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S. Korea to launch attacks on U.S. exit in G20 meeting

By Yoo Seungki (Xinhua)

18:06, July 15, 2013

SEOUL, July 15 (Xinhua) -- South Korea's top economic policymaker planned to take an initiative in warning over possible "reverse spillover" effects from an early U.S. exit at the upcoming G20 meeting this week, according to a senior official at Seoul's Finance Ministry.

South Korean Finance Minister Hyun Oh-seok planned to take a lead in bringing up an issue of reverse spillover caused by the possible end of bond purchases in the United States and urging the need for international cooperation in tackling the issue, a senior official at the Ministry of Strategy and Finance told foreign correspondents Friday, with his comments embargoed on Monday.

Reverse spillover is new jargon, coined by Minister Hyun, according to the ministry official. The word is a variant of negative spillover effect, claiming that an early exit from U.S. quantitative easing would influence the United States itself as well as emerging economies and other advanced nations.

Bank of Korea (BOK) Governor Kim Choong-soo has repeatedly warned over the negative spillover effects, saying that an early U. S. exit may force emerging nations to hike interest rates to fight against capital outflows.

Global bond yields surged after Federal Reserve Chairman Ben Bernanke mentioned the possible end of its bond purchasing program for the first time in May. Rising interest rates would worsen fiscal soundness in the already-troubled economies in Europe, while triggering foreign capital exodus from emerging economies.

The economics of reverse spillover, in addition, said the early U.S. exit would cause damages to the U.S. economy itself because it would dampen a fledgling recovery in the world's largest economy, which depends on exports for its growth.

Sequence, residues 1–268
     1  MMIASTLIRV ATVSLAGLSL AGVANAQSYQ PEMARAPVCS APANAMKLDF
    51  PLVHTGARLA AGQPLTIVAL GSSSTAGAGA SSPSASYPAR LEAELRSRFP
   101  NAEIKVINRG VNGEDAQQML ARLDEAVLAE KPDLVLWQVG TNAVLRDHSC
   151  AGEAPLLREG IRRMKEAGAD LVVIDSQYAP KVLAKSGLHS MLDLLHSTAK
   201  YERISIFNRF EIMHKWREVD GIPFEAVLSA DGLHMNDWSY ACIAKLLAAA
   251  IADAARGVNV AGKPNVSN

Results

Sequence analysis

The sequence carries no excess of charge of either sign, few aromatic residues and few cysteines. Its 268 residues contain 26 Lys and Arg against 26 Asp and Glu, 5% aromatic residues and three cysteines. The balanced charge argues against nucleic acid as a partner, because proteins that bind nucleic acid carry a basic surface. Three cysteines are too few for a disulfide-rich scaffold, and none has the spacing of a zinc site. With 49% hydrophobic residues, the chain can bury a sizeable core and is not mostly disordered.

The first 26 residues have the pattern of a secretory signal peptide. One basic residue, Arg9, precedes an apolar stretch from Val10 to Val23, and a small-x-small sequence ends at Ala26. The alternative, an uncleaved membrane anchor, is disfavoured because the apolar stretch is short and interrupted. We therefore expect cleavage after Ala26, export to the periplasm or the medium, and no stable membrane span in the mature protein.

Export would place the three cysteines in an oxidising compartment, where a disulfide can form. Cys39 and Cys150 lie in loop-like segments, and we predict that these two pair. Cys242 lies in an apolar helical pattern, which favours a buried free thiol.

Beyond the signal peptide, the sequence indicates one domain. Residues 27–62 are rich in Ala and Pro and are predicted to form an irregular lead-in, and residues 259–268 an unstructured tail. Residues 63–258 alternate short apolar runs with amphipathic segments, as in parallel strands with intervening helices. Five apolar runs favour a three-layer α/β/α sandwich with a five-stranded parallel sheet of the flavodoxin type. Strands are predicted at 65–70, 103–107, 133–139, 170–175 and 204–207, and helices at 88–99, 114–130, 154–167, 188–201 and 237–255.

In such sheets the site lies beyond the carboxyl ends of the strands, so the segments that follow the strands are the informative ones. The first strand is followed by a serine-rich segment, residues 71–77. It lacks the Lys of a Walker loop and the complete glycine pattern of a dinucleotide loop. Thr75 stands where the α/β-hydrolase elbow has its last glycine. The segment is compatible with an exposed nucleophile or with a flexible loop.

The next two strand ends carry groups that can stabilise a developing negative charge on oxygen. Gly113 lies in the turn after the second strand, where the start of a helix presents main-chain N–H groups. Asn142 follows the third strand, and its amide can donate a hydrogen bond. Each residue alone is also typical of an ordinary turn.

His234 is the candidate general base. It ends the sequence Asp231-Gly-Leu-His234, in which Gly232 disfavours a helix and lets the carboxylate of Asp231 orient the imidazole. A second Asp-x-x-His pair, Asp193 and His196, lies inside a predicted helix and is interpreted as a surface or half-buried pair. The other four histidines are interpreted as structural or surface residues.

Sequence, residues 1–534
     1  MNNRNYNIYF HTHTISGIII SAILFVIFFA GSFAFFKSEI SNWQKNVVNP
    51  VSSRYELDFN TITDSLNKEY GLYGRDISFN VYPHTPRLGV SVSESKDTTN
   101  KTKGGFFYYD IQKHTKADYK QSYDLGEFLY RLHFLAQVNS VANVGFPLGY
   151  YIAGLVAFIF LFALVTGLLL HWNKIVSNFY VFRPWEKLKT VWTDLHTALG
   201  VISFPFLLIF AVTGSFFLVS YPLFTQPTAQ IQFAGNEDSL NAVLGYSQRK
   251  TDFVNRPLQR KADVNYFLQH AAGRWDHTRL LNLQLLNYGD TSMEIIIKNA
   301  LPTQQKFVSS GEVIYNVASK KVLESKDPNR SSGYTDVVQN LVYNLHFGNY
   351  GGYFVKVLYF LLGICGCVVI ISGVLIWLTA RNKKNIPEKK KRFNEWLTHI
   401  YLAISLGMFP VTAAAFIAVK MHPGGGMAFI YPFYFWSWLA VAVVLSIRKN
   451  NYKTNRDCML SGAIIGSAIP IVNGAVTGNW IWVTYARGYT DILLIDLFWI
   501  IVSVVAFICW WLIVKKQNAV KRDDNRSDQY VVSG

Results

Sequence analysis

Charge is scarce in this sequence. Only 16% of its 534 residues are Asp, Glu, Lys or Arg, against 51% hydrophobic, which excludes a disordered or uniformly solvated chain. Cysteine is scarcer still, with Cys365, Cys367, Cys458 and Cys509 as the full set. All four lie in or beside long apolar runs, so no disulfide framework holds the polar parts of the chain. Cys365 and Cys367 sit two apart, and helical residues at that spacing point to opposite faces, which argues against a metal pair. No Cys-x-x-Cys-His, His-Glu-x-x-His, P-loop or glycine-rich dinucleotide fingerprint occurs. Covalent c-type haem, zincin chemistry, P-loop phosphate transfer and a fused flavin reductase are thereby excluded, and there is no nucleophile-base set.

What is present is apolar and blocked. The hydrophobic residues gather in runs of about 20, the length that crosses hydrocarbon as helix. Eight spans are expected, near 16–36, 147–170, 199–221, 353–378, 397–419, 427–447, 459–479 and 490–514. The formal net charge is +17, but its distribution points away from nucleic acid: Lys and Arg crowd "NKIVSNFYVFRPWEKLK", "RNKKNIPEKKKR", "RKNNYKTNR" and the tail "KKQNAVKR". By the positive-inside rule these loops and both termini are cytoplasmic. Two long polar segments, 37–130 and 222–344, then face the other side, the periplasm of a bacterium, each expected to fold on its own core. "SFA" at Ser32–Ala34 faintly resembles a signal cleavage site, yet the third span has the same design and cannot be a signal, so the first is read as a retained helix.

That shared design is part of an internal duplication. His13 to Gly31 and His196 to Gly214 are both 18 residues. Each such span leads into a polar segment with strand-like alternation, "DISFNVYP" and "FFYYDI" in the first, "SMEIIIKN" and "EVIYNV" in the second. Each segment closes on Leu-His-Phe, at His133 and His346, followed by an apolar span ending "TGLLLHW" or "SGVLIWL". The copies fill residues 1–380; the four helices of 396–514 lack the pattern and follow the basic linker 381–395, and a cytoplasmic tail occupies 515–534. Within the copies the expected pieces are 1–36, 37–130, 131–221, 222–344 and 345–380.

If emerging economies sell their holdings of U.S. Treasury bonds to get dollars for the foreign-exchange market protection usage, interest rates in the United States would rise further, preventing the economy from going back on its feet.

Minister Hyun planned to urge the United States to make a prudent decision on the time, pace and way of its exit strategy at the upcoming G20 meeting of finance ministers and central bankers slated for two days through Saturday in Moscow, according to the ministry official.

The upcoming talks will discuss the issue of negative spillovers from quantitative easing in advanced nations via a separate session for the first time, according to the official. India will provide a paper on the issue at the planned talks for G20 economic policymakers.

"One who ties the knots should untie the knots," the official told reporters, saying that a prudent and gradual exit would be in the best interest of the United States as well as of the global economy.

However, doubts remained whether the Finance Ministry untied its knots on the domestic front. The ministry and politicians boosted the possibility for capital exodus from South Korea by helping pressure the central bank to cut policy rates in May.

BOK Governor Kim Choong-soo said following the May rate-setting meeting that the bank lowered its borrowing costs to maximize the effect of supplementary budget worth 17.3 trillion won (15 billion U.S. dollars), hinting that the independent central bank ended up succumbing to external pressure from politicians.

The floor leader of the ruling Saenuri Party said in the previous day of the May monetary policy meeting that the extra budget was not enough in terms of size and contents, while Minister Hyun had stressed over the effectiveness of the policy mix between fiscal and monetary policies.

The policy rate cut, the need of which was urged by the top economic policymaker, came back as a risk factor to boost the foreign capital outflow in South Korea around two months later.

Minister Hyun planned to urge the Fed itself to untie its knots, which it had tied in the process of overcoming the unprecedented global financial crisis, at the upcoming G20 meeting of economic and monetary heads at Moscow.

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